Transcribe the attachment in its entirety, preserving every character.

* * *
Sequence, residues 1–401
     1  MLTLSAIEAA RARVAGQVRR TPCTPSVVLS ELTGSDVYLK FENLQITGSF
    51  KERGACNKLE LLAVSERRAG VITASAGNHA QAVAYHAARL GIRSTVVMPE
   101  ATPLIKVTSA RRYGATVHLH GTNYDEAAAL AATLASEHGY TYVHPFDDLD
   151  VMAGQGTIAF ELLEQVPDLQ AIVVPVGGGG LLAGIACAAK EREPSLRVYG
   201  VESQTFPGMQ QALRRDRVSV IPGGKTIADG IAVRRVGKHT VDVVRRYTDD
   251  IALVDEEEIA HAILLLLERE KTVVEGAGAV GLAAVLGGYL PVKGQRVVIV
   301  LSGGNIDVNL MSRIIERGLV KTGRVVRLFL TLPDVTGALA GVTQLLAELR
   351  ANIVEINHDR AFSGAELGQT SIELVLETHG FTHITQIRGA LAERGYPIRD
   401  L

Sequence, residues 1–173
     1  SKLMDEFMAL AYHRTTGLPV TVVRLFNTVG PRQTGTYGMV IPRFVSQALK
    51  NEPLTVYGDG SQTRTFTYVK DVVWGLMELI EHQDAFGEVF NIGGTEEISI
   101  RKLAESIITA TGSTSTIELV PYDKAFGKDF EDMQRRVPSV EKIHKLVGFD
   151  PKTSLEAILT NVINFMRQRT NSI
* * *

Sequence, residues 1–401
     1  MLTLSAIEAA RARVAGQVRR TPCTPSVVLS ELTGSDVYLK FENLQITGSF
    51  KERGACNKLE LLAVSERRAG VITASAGNHA QAVAYHAARL GIRSTVVMPE
   101  ATPLIKVTSA RRYGATVHLH GTNYDEAAAL AATLASEHGY TYVHPFDDLD
   151  VMAGQGTIAF ELLEQVPDLQ AIVVPVGGGG LLAGIACAAK EREPSLRVYG
   201  VESQTFPGMQ QALRRDRVSV IPGGKTIADG IAVRRVGKHT VDVVRRYTDD
   251  IALVDEEEIA HAILLLLERE KTVVEGAGAV GLAAVLGGYL PVKGQRVVIV
   301  LSGGNIDVNL MSRIIERGLV KTGRVVRLFL TLPDVTGALA GVTQLLAELR
   351  ANIVEINHDR AFSGAELGQT SIELVLETHG FTHITQIRGA LAERGYPIRD
   401  L

Sequence, residues 1–173
     1  SKLMDEFMAL AYHRTTGLPV TVVRLFNTVG PRQTGTYGMV IPRFVSQALK
    51  NEPLTVYGDG SQTRTFTYVK DVVWGLMELI EHQDAFGEVF NIGGTEEISI
   101  RKLAESIITA TGSTSTIELV PYDKAFGKDF EDMQRRVPSV EKIHKLVGFD
   151  PKTSLEAILT NVINFMRQRT NSI